Chancellor’s Autumn Statement is a double-edged sword for SMEs, says Lamont Pridmore

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The Cumbria-based accountancy firm Lamont Pridmore warns that measures announced by Chancellor Jeremy Hunt in the Autumn Statement could hit small business cash flows before they feel the benefit of new measures.

In the wake of falling inflation – reaching 4.6 per cent in November 2023 from 10.1 per cent in January – and anxiety around high interest rates, the Chancellor outlined his “Autumn Statement for growth”.

Reviewing the Government’s new fiscal policies, Lamont Pridmore says that, while businesses will benefit in the long term, it may cost some significantly.

The rise in the National Living Wage (NLW) will bring increasing labour costs for businesses, with a 9.8 per cent rise, to £11.44 per hour. This has been compounded by the extension of the NLW to 21 and 22-year-olds for the first time.

Rising wages will also carry a higher Employer National Insurance liability, despite a reduction of Employee National Insurance to 10 per cent to the benefit of workers.

Small and medium-sized enterprises (SMEs) are likely to be hit hardest as they often lack the profit margins and financial buffers of larger firms.

Graham Lamont, Chief Executive at Lamont Pridmore, said: “Despite a major emphasis on leveraging the current economic climate and creating opportunities for small businesses, policies within the Autumn Statement will place a heavy burden on SMEs in the coming months.

“Working people will be rightly supported through higher costs of living with rising wages and reduced NI contributions, but businesses seem poised to pay the price, particularly with no NI reductions to employer contributions.

“This is particularly true for sectors that rely heavily on labour or those that already operate with low profit margins.”

However, despite a bleak short-term outlook for SMEs, the Chancellor’s 110 measures for the coming year may yet bolster surviving small businesses through a long-term commitment to growth, says Lamont Pridmore.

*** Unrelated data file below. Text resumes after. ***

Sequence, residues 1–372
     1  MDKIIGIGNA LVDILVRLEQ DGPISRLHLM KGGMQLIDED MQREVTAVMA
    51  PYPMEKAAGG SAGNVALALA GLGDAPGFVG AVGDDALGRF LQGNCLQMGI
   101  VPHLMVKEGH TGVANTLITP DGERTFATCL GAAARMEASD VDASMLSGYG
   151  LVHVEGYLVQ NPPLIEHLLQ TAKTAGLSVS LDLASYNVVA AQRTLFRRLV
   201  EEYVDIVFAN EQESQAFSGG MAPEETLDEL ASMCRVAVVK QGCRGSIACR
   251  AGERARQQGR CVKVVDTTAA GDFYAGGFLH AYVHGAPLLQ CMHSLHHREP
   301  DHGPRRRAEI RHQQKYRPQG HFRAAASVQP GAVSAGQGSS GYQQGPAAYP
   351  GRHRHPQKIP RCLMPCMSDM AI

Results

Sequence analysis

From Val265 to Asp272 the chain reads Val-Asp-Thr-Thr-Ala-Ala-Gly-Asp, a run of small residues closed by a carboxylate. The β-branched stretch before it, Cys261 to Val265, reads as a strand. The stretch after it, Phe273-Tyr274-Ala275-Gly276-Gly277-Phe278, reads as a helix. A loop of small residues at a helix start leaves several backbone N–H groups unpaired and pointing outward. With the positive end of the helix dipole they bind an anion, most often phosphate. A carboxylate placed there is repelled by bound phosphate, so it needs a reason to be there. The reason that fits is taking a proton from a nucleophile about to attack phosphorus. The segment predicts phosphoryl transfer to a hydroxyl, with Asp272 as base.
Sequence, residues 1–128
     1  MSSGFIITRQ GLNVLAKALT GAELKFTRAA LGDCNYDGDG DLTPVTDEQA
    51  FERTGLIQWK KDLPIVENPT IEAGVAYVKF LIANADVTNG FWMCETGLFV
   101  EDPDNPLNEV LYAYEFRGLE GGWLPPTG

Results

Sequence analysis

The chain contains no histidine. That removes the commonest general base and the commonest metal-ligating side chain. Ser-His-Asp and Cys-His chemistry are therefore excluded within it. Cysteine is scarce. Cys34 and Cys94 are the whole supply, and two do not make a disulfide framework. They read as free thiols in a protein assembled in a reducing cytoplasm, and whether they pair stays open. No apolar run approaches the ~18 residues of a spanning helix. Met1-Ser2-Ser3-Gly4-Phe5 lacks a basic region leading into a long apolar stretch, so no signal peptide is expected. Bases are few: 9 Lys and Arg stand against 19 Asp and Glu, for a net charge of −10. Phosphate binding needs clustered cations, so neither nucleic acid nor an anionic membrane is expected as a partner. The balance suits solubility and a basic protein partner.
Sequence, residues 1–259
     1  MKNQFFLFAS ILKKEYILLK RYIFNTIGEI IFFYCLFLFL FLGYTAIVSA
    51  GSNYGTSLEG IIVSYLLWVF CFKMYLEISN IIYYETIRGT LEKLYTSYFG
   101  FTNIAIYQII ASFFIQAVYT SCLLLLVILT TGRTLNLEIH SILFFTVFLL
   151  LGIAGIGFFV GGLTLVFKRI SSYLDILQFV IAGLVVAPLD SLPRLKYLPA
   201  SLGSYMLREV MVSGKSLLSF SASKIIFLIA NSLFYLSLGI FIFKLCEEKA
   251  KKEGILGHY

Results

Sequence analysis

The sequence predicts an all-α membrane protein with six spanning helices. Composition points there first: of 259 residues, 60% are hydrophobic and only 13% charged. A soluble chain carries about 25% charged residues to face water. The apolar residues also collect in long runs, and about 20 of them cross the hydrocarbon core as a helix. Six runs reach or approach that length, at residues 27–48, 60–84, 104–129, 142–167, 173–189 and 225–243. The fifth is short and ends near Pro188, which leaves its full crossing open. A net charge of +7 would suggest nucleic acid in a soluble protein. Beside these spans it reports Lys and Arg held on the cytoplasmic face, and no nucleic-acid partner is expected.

In an unexpected development, the Chancellor announced an indefinite extension of ‘Full Expensing’ allowing capital-reliant businesses to claim a deduction from taxable profits of up to 100 per cent of their expenditure on qualifying new plant and machinery capital.

“This extension will be hugely beneficial to manufacturing and related sectors, as SMEs that rely on investment in capital can suffer cash flow problems,” said Graham.

In addition to support for internal investment, high-growth sectors including technology, sustainable energy and manufacturing, will benefit from significant investment from the Treasury, with £975 million being made available for the automotive sector, £520 million for life sciences and £960 million for clean energy manufacturing.

The UK’s smallest self-employed businesses are also benefitting from the Chancellor’s announcements, with the unexpected abolition of Class Two National Insurance – and a slashed rate of Class Four NI contributions at eight per cent.

Graham concluded: “Many business owners will have mixed feelings after the Autumn Statement. While the Chancellor placed heavy emphasis on securing investment and growth, SMEs may not feel the benefit for a while yet.

“Employers will need to consider their cash flow carefully to avoid being hit by rising wages and NI contributions in order to reap future benefits of targeted support for key sectors.

“Furthermore, some sectors – such as professional services – will not benefit as significantly from upcoming investment projects or full expensing, so they will have to think carefully about optimising future financial plans.

“Changes within the Autumn Statement will have potentially massive impacts on SMEs and business owners. Professional advice is key to weathering the upcoming squeeze and maximising the benefits of new measures.”

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